E-sports: It’s the new Eph-sport

Anika Lee

On Sept. 18, the newly renamed PC Gaming Club launched their Minecraft server as part of their expansion effort. (Photo courtesy of Angela Gui ’24.)

The coronavirus pandemic may have shut down the College mid-semester, cancelled NCAA Div. III championships and forced Ephs into socially distant training groups, but one competitive community has thrived even under isolating circumstances: the PC Gaming Club. 

Abraham Park ’22, the president of the club — formerly known as the League of Legends Club — officially changed the name at the start of the 2020 school year. He hoped to accommodate both existing members, who primarily played League of Legends, and new students who played a variety of other games.

Markus Feng ’21, a member of the club since his freshman year, strongly advocated for the club’s expansion.

“Previously we had many people that were part of or adjacent to the club, using the same spaces, but playing other games such as Valorant, Apex Legends or Minecraft, and we wanted to be more inclusive to these people,” Feng wrote. “Since we already have the experience of running a gaming community, I thought it was natural for us to expand our scope and accommodate a wider and more diverse group of students.”  

The diversification of the group led to a number of new channels on the club’s official Discord, ranging from those devoted to the most popular games among first-years like Minecraft to games such as Valorant, Smite, Overwatch and even party games like Among Us. 

Mohammad Faizaan ’23 and Henry Urschel ’23 had initially planned on starting their own club dedicated to Rocket League, another popular video game, at the start of this school year. However, they decided to join hands with the newly renamed PC Gaming Club instead, so as to introduce the game to existing gamers and expand their user base. 

Rocket League now has its own channel on the club’s Discord, through which all interested club members can freely interact with each other. The variety of channels on the Discord allows members to try new games with ease and make new friends, according to Faizaan.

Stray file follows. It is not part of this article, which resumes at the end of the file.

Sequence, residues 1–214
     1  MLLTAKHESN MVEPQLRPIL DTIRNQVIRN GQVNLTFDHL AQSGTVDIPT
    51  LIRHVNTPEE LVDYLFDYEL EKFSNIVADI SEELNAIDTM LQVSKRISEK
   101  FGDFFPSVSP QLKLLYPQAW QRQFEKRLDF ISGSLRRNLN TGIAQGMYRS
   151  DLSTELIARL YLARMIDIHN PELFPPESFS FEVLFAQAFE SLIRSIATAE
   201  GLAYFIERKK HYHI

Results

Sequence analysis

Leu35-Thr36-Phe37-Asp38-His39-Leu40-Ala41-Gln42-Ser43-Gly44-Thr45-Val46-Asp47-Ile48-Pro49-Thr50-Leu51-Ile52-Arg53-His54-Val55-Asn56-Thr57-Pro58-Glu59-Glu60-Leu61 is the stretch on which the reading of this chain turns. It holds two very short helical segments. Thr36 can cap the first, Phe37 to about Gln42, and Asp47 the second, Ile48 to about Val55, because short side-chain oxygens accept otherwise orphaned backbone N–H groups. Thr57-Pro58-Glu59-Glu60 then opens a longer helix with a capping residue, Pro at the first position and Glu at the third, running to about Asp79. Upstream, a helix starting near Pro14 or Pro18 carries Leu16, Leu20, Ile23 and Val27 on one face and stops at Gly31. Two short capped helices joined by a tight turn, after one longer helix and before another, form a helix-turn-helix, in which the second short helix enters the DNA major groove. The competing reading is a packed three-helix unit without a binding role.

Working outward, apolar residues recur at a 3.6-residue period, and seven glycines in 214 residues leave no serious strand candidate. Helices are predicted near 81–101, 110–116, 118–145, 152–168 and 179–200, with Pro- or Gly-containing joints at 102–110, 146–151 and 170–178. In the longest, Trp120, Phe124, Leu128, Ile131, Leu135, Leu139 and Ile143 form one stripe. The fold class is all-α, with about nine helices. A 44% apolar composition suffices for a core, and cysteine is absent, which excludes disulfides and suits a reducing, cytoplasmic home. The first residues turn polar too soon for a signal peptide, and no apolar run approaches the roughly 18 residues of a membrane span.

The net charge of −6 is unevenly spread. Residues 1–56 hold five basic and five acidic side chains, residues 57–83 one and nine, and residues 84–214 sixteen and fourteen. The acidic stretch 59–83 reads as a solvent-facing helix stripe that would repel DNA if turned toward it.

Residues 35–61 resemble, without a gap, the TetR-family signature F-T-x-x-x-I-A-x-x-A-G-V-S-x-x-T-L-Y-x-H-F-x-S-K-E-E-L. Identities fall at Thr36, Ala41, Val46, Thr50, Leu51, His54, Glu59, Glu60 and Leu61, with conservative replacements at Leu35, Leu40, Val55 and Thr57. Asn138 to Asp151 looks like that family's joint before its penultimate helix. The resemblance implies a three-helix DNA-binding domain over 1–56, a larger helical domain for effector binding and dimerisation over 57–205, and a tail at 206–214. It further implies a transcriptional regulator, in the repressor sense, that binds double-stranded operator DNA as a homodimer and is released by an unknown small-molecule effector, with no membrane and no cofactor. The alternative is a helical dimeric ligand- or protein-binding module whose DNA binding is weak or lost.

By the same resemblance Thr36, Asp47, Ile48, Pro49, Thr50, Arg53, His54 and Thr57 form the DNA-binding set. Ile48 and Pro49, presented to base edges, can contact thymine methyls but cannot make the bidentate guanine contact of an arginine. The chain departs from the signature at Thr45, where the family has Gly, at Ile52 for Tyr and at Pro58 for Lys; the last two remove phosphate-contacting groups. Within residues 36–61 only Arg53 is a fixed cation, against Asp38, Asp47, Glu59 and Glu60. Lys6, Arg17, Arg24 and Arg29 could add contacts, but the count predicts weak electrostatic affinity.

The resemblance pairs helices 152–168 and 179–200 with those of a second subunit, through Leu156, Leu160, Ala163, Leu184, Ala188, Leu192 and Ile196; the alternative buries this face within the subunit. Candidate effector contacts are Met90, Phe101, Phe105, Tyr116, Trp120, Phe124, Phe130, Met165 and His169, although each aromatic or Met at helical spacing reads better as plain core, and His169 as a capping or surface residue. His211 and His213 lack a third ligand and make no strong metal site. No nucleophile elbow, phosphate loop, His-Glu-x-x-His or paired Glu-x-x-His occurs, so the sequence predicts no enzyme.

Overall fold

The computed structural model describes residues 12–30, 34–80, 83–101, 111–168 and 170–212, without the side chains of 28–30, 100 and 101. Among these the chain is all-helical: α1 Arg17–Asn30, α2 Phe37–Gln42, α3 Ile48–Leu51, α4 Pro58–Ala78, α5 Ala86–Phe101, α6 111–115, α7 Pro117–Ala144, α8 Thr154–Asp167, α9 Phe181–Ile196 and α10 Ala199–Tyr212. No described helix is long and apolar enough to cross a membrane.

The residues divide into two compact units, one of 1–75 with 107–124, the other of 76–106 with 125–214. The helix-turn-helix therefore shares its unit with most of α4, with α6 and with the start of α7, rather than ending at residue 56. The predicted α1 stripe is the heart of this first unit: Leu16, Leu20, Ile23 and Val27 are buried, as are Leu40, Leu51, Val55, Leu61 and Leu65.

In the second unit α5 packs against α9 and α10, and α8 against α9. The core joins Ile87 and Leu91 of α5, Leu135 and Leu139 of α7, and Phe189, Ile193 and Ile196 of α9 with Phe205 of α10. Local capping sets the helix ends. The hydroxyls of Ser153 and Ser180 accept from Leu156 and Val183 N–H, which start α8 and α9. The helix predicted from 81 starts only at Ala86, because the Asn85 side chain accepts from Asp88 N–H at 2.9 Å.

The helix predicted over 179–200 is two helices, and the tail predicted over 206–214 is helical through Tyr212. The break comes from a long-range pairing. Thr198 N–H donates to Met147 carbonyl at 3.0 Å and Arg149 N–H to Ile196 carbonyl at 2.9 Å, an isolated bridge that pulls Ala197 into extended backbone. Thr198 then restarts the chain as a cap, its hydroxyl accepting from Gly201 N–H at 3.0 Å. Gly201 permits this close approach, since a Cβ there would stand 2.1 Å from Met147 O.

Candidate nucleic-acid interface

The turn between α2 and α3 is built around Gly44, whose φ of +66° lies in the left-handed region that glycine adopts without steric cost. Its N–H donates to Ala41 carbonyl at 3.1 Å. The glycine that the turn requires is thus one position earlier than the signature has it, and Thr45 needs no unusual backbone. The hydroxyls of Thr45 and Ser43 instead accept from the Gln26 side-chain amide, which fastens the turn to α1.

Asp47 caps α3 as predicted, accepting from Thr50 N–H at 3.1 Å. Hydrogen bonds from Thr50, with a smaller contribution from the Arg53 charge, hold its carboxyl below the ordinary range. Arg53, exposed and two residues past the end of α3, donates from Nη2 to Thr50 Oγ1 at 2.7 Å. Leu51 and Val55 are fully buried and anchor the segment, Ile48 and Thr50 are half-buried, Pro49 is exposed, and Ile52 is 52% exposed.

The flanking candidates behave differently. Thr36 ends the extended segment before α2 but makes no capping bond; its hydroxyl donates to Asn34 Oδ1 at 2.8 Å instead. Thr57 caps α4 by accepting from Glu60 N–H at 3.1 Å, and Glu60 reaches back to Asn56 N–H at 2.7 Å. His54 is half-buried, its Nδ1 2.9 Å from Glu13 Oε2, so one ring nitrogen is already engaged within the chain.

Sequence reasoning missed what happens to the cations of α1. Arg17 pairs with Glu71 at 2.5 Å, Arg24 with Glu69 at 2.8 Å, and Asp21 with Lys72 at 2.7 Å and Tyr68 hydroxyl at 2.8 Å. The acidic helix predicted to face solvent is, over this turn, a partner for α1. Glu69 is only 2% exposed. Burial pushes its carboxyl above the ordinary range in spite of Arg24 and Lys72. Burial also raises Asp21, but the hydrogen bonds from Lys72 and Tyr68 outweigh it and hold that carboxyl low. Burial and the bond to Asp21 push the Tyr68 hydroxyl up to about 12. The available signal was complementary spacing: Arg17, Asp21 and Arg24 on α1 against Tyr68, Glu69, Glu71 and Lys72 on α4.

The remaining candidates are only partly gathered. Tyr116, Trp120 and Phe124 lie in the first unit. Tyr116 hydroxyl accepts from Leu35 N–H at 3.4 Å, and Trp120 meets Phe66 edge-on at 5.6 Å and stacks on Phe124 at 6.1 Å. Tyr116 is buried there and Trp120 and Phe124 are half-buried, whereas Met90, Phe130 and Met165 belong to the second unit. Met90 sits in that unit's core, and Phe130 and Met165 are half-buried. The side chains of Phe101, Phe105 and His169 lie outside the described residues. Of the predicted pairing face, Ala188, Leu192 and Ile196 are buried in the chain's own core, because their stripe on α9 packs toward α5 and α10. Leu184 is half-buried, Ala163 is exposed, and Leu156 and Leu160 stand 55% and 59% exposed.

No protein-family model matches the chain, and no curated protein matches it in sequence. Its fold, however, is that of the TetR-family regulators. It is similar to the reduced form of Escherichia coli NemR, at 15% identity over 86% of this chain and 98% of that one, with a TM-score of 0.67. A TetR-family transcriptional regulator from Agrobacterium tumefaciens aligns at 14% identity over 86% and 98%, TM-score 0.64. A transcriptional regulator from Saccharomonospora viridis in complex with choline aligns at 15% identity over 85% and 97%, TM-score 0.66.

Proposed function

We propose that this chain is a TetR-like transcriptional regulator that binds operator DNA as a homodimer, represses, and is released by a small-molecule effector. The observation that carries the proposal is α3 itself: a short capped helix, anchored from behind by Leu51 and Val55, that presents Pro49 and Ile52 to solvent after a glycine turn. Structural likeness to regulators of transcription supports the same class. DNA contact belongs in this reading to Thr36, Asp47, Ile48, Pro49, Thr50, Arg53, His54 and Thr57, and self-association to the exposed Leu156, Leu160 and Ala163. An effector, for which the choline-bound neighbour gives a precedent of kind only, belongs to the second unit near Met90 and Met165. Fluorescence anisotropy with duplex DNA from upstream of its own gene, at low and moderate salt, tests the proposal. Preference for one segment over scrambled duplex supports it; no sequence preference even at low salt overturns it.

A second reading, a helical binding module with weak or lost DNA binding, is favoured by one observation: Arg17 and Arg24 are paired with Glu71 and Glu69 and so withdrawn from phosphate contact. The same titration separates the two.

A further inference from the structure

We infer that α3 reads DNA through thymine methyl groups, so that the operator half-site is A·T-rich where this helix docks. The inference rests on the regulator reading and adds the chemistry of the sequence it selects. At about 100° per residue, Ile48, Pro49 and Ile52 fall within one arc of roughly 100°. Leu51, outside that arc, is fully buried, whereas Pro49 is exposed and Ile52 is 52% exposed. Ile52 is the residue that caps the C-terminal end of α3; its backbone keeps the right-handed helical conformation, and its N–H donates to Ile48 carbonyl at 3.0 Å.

“I had never played League … and at the time the club was only meant for League … so I wasn’t part of the original club,” Faizaan said. “Now that it’s the PC Gaming Club, I feel like one, it will attract a lot more people who aren’t just League [of Legends] players, but also [members] can make more friends, play more games, and people can try out games they’ve never played before… I personally tried out Hearthstone, because there’s a Hearthstone channel now.” 

Because of the addition of more casual gaming options, the barriers to entry “aren’t very high,” according to Angela Gui ’24. Returning members are there to help new members, such as herself, download games compatible with their respective devices. For Faizaan, Feng had helped him download the right software to play games normally meant for Windows on his Mac. 

The PC Gaming Club’s unique capacity to expand and diversify over the pandemic emphasizes the club’s function as a social platform as well as a gaming hub. It’s not unusual for alumni to stay on the club’s Discord and continue gaming with current students, according to Park. Over the summer, he “spent a ton of time playing games with current members and many, many alumni who had graduated within the past three years” 

Like Park, Feng used the club platform to stay connected with old friends and to meet new students at the start of the school year. “We had students and alumni ranging from the class of ’14 to the class of ’24 play games, hang out and share experiences, which made my COVID times a lot less isolating, as I interacted with very few of my friends in person after we were made to leave campus,” Feng wrote. 

For new students — on campus and remote — the club has connected them to members across  the College community. Gui, who is enrolled in-person, said she met and befriended new students through the club. She echoed the sentiments on the inclusivity of the PC Gaming community for students across years and gender.

“There wasn’t any [singling out], it was more like ‘you’re a person that enjoys games,’” she said. “So gender is not a boundary that creates a divide among us. … I feel very welcome.”  

For remote students, the club offers a valuable opportunity to engage with the College community while being physically away from campus. William Ding ’24, enrolled remotely in Kentucky, reached out to the club a few weeks prior to the start of the fall semester to make new friends at the College. 

“Being remote kind of sucks…and you can’t really go outside and make friends,” Ding said. “I emailed Derek and Abraham and asked them to add me to the Discord so I can play with [the club].” 

Despite being the only freshman in the club until the start of the semester, Ding noted, positively, that the older members didn’t treat him any differently — “everyone games with everyone,” he said. “If you mention PC Gaming, people have a certain idea of who might be in that club, but there’s a lot of [diversity] … it’s very different from what people might think.”